by Marion Nestle
Aug 6 2015

At last: two industry-funded studies with results that do NOT favor the sponsor’s interest

As regular readers know, I’ve been posting studies funded by food companies with results favorable to the companies’ interests whenever I run across five of them.   Since mid-March, I’ve posted 7 such collections for a total of 37 studies (two of the posts listed 6 studies).  These are all papers published since March.

With each set, I asked readers to send examples of studies that do not favor the sponsor’s interest.

They are rare, but do exist.  I’ve been sent two so far.  I’m guessing it will be a long time before I collect five, so have a look:

Butter increased total and LDL cholesterol compared with olive oil however resulted in higher HDL cholesterol than habitual diet. Sara Engel and Tine Tholstrup.  American Journal of Clinical Nutrition, July 1, 2015, doi: 10.3945/​ajcn.115.112227.

  • Conclusions: Moderate intake of butter resulted in increases in total cholesterol and LDL cholesterol compared with the effects of olive oil intake and a habitual diet (run-in period). Furthermore, moderate butter intake was also followed by an increase in HDL cholesterol compared with the habitual diet. We conclude that hypercholesterolemic people should keep their consumption of butter to a minimum, whereas moderate butter intake may be considered part of the diet in the normocholesterolemic population.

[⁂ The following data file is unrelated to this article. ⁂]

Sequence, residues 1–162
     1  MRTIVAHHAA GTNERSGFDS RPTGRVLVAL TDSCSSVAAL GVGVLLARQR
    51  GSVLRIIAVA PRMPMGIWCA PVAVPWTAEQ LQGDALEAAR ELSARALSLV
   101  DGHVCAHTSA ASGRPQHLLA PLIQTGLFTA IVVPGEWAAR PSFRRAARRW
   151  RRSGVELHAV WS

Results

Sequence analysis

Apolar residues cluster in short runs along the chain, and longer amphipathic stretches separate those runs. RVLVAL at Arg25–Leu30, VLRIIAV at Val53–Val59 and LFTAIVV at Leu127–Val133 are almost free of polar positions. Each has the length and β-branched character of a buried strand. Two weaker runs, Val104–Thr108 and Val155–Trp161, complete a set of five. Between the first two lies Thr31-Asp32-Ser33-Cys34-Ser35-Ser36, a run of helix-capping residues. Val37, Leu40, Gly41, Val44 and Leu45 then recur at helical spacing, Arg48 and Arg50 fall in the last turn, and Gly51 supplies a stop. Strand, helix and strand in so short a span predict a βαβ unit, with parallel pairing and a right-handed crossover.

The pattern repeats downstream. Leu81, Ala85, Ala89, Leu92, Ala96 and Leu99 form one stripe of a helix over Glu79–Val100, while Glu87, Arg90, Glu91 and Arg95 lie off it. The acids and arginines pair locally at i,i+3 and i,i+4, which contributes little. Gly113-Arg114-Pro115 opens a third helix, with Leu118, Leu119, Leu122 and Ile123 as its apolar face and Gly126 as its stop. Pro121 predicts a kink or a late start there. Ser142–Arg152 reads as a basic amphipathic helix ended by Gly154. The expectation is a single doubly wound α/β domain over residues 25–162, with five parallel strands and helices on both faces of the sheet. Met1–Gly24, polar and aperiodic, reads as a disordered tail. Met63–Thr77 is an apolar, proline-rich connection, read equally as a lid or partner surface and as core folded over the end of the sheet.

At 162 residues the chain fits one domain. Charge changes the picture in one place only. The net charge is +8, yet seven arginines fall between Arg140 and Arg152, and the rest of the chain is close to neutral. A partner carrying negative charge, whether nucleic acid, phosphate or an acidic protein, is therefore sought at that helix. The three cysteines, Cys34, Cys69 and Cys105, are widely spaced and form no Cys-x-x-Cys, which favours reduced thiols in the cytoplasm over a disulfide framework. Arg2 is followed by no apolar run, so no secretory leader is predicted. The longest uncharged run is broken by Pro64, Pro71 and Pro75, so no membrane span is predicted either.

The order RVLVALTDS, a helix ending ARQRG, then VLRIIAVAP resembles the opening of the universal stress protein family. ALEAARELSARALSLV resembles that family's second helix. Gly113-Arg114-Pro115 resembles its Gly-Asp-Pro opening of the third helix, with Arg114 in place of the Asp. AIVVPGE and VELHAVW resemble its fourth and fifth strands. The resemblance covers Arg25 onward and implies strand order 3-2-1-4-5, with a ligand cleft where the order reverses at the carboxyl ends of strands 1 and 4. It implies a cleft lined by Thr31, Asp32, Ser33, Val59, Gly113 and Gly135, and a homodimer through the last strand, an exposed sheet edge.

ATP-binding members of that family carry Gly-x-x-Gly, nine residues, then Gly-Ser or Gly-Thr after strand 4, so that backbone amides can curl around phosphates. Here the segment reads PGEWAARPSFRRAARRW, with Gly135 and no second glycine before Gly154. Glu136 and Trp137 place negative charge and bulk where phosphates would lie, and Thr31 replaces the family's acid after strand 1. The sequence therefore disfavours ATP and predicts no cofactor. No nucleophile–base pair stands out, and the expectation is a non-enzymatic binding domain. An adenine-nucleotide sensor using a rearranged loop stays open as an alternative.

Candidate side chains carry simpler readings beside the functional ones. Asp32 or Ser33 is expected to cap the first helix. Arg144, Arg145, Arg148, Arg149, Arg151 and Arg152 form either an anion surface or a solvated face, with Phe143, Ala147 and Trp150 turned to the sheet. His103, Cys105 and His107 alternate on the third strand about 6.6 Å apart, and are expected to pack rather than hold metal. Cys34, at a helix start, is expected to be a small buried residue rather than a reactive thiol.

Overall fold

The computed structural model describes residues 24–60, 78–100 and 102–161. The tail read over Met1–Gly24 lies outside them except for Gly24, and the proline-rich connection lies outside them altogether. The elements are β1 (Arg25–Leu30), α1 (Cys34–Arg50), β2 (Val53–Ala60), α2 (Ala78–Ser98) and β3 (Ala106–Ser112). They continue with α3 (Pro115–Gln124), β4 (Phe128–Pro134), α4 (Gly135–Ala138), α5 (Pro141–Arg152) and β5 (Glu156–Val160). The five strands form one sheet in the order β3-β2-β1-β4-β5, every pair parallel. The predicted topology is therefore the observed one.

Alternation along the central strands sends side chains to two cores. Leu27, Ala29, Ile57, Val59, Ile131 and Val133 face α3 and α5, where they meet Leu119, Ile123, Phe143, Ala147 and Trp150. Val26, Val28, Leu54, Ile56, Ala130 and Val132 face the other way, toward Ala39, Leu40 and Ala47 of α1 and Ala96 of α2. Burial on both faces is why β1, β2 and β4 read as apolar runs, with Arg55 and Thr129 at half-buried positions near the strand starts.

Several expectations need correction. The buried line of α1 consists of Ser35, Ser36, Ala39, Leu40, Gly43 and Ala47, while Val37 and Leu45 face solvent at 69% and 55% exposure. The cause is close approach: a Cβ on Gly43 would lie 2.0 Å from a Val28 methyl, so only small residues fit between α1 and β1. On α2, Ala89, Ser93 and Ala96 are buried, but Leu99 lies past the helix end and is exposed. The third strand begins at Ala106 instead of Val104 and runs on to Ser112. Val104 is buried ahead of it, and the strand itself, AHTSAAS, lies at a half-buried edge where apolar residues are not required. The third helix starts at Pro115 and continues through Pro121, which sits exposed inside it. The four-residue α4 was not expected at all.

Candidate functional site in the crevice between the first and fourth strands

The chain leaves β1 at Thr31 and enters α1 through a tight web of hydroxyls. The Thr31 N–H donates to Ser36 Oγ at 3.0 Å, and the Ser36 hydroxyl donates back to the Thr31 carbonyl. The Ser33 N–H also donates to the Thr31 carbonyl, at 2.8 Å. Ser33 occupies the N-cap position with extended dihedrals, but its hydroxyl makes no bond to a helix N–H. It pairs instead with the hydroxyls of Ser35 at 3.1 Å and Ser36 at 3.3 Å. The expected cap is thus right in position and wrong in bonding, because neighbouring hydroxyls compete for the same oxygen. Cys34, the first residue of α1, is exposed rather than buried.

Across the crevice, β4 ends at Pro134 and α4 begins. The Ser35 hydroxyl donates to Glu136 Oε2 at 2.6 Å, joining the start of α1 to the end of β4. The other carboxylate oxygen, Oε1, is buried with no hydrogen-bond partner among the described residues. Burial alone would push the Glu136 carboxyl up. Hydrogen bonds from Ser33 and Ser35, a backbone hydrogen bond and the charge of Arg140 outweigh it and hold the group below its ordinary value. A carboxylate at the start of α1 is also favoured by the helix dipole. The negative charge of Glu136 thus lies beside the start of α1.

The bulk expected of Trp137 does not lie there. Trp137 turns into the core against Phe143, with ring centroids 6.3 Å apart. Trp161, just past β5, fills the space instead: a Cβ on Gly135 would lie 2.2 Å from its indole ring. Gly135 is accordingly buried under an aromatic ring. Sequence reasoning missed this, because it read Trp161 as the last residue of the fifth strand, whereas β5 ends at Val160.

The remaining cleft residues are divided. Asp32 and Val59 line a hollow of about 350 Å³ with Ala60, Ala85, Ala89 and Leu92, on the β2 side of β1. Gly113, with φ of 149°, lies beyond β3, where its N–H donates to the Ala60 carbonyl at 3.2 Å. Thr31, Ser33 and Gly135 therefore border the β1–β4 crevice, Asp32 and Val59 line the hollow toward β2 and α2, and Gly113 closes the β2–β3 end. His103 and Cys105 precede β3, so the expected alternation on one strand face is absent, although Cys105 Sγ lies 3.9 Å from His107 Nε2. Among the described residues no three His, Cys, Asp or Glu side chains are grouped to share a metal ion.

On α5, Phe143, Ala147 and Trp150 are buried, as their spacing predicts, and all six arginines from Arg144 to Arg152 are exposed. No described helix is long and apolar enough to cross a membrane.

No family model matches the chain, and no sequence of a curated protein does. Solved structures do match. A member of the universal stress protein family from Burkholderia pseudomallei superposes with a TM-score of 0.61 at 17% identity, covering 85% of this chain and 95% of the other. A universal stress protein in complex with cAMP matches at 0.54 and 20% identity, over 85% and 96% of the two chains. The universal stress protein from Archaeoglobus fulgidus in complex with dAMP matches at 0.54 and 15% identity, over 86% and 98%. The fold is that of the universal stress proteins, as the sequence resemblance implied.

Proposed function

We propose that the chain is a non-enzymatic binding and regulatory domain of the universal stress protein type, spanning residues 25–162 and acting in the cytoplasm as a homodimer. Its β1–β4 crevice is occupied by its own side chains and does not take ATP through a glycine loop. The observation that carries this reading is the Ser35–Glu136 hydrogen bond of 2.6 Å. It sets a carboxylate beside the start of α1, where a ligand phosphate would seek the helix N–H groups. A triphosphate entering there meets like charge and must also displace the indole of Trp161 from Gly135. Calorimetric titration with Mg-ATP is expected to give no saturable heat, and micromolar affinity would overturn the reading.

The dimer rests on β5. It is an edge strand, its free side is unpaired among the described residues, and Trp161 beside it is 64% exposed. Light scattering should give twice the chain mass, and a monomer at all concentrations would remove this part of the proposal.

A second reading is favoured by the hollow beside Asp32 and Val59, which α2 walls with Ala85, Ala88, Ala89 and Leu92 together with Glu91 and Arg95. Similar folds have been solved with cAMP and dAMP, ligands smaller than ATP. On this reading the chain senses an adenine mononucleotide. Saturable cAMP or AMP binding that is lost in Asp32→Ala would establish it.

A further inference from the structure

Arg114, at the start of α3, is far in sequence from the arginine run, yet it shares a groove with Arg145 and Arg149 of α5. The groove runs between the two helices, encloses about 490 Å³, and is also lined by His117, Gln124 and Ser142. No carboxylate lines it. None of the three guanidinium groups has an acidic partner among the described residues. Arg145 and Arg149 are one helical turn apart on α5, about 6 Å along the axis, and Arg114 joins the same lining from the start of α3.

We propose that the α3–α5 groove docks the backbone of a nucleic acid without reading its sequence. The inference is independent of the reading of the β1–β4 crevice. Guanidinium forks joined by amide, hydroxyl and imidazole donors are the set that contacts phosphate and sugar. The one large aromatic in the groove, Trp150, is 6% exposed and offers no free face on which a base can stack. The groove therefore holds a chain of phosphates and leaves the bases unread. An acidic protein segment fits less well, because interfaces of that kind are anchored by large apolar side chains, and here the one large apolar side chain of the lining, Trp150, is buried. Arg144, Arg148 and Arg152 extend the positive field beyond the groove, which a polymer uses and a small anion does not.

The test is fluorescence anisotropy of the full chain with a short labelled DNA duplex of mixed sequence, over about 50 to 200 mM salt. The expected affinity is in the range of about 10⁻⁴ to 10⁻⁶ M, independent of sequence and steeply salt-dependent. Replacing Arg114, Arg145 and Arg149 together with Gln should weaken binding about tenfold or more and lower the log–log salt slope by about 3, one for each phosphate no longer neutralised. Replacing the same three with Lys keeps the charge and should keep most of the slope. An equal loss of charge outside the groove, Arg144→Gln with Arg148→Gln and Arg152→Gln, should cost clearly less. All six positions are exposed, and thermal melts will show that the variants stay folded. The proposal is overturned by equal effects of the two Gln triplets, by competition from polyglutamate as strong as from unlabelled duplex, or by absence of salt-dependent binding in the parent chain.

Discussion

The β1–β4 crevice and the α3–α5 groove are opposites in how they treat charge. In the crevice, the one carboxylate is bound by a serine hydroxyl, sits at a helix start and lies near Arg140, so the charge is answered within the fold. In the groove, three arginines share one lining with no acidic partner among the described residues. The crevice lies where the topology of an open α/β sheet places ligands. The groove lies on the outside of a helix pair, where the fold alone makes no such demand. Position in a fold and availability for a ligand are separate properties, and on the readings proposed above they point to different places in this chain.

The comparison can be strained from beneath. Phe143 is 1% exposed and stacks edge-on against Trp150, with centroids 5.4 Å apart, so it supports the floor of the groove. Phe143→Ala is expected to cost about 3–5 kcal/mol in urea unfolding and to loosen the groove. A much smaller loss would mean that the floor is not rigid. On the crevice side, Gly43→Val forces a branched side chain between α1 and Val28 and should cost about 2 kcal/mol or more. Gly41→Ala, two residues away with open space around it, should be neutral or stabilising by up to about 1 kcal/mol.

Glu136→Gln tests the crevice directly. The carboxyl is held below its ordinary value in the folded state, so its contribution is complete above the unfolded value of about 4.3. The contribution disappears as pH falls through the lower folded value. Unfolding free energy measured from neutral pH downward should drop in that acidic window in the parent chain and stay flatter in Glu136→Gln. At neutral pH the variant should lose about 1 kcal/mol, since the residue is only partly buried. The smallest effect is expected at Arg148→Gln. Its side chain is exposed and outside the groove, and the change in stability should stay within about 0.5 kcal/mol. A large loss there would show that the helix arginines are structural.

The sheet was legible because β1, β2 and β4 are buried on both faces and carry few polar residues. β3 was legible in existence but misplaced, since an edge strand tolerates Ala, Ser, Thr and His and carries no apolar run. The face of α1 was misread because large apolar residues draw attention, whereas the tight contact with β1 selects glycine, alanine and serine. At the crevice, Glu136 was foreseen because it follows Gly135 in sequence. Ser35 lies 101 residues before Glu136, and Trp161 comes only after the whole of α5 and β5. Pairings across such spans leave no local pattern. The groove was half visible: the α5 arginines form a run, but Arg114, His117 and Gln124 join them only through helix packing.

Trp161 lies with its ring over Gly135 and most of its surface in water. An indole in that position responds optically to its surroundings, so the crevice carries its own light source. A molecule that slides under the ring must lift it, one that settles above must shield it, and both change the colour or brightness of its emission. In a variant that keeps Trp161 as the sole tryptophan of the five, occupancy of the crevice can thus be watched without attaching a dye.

• Sponsor: Danish Dairy Research Foundation
  • Comment: The data clearly show that butter raises blood cholesterol levels.  The authors spin it as positively as possible—higher HDL and it’s OK for people with normal cholesterol to eat moderate amounts of butter—but they make the downside quite clear.  In this study, “moderate” butter means 4.5% of calories or just 2/3 of a tablespoon for someone eating 2000 calories.  That’s not much, alas.

Influence of Pistachios on Performance and Exercise-Induced Inflammation, Oxidative Stress, Immune Dysfunction, and Metabolite Shifts in Cyclists: A Randomized, Crossover Trial.  David C. Nieman, Johannes Scherr, Beibei Luo, Mary Pat Meaney, Didier Dréau, Wei Sha, Dustin A. Dew, Dru A. Henson, Kirk L. Pappan.  PLoS One, November 19, 2014. DOI: 10.1371/journal.pone.0113725

  • Conclusion: In summary, 2-weeks pistachio nut ingestion was associated with reduced 75-km cycling time trial performance and increased post-exercise plasma levels of raffinose, sucrose, and metabolites related to leukotoxic effects and oxidative stress.
  • Funder: This work was supported by American Pistachio Growers. The funders had no role in study design, data collection and analysis, decision to publish, or preparation of the manuscript.
  • Comment:  It’s obvious that the funders had no role.  I’ll bet they are quite unhappy with the results.

This second study came out last year but I’ll take any of these I can get.  Please do send.

But if I’m just counting since March, the ratio is 37 studies favoring the sponsor’s interest, to 1 that doesn’t.  Coincidence?  I’m not convinced.